Mt Rainier is a proving ground for American climbers. When it comes to glaciated, crevasse riddled peaks, choices are pretty limited unless you make the long journey north to Alaska. But with time and funding restrictions, most stay in the Continental U.S., and head to Rainier to practice on what is often referred to as a, “Mini-Himalaya.”
It’s not that it’s the biggest mountain around. It rises to a respectable 14,409′ (4,392 m), but still lower than Colorado’s Mt Elbert at 14,439′ (4,401 m), and California’s Mt Whitney at 14,505′ (4,421 m), making it the third highest mountain in the continental U.S. But let me make it very clear that it would be a mistake of gigantic proportions to compare climbing Mt Elbert or Mt Whitney to Rainier. Being from Colorado, I’ve climbed Elbert several times, and beautiful and fun as it may be, it’s a hike. You bring some water, throw on some tennis shoes, and make the long walk to the top. Rainier is a bit different.
When I decided I wanted to take down the monster of a mountain, I was lucky enough to have two close friends who had climbing experience and were physically capable. Without further introduction, I introduce you to Scotty and Ellis.
Scotty brings to the team an international presence. With his 6’4” frame, seemingly perfect physique, and thick British accent, you could say he stood out a bit in the small Boise community where we met at university. With all the attention he quickly garnered from the girls, I obviously assumed he was an arrogant prick (yes, I know, I was jealous.) But after spending time with the Spartan like Brit, I quickly found him to be a quick-witted and more than capable adventure buddy. We’ve been taking adventures ever since.
Ellis is game. End of story. Although I’ve been throwing random and often dangerous ideas for adventures his way over the past four years, I’ve never heard Ellis utter this phrase: “Sorry Joey, I can’t make it.” No matter where, no matter when, Ellis is game for an adventure, and he’ll be there with a smile.
We weren’t all necessarily 100% qualified for the climb, but close, and as a team, we knew we could make it… weather permitting that is. Rainier is a temperamental bitch of a mountain, and weather can turn ugly fast, making a summit attempt impossible. This is something every climber should go in fully aware of. There is no place for a big ego if Mother Nature decides to shut you down.
Preparation is key on Rainier. Without proper gear, you’re setting yourself up for failure. There’s enough inherent danger on the mountain between rockslides and crevasses; don’t go and add in more by skimping on gear. Also, on many mountains the only thing to think about when choosing your team is how many of your best-buddies will be able to join the adventure. Yes, it’s nice to climb with friends, but on Rainier, a certain level of experience is pivotal. Here’s some of the absolute must-haves for the climb:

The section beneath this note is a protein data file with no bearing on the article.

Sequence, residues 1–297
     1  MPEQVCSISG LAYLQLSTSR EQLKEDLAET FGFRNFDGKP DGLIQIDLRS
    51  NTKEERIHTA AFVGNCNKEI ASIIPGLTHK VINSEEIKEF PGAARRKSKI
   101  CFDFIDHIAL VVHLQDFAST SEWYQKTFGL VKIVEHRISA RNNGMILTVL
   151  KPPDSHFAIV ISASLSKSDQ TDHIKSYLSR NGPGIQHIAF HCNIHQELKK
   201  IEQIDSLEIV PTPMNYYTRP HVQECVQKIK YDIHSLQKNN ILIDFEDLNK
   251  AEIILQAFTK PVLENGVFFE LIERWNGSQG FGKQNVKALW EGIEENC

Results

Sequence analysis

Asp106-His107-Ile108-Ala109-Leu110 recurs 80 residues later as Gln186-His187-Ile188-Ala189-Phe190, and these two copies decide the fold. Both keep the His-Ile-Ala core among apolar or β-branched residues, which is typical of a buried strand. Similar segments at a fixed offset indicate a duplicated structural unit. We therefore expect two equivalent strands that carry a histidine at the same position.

-Insulated Boots (Often plastic.)
-Goggles/UV Blocking Sunglasses
-Outer shell/Wind Breaker
Now this list left out some of the obvious necessities like gloves and snow pants, but if you thought you could make it without those, maybe you should rethink the situation all together.
The most important experience to have, or at least a solid knowledge of includes:
-Crevasse rescue/Rope ascension.
-Climbing on a fixed line.
There are some things you may not necessarily need to have experience with, but should be prepared to face. Ladder crossings allow you to make your way over crevasses on the mountain. They’re not rocket science, just one step at a time, but knowing they’re coming is better than being surprised. Lots, and LOTS of water is crucial. I made this mistake. I drank little and was dehydrated almost the entire climb. I had been shocked at how much Scotty was packing, but I have to give it to the Brit, he was far better prepared and handled the mountain much better than I did (also partly because he is in insane physical shape.) Food is also key. You can be climbing for 15+ hours on summit day. That is a LONG time to go without food, especially when you take into account the thousands of calories you’re burning. Have plenty of calorie-packed food to munch on, and do it often.
Lastly, don’t forget most climb the mountain with guides. RMI Guides is nothing short of legend in the climbing world. They’ve produced more world-class climbers than any other American guiding company, and they’ve been doing it forever. If you’ve got all the gear, plenty of experience, and a good group, then go for it on your own. If you’re not sure, then don’t risk it, and hire a guide. You won’t regret it, and your chances for a summit will be astronomically higher.
We were very lucky and had great weather. If the weather had turned even slightly, there would have been little chance I would have made it. I underestimated Rainier. I had just climbed the much higher Mt Elbrus a month earlier in Russia, and I learned a valuable lesson first-hand: It’s not all about elevation. DON’T underestimate Rainier. It almost cost me the summit. Lucky for me, I had an incredible team with me that kept the jokes rolling along the long and torturous trek up the mountain. Those are the moments I cherish the most from my climbs. Not the twenty minutes standing on the summit in the bitter cold and whipping wind, but the jokes and stories swapped on the long slog up. In the end, it wasn’t my legs that got me up Rainier; it was the banter. Thanks boys.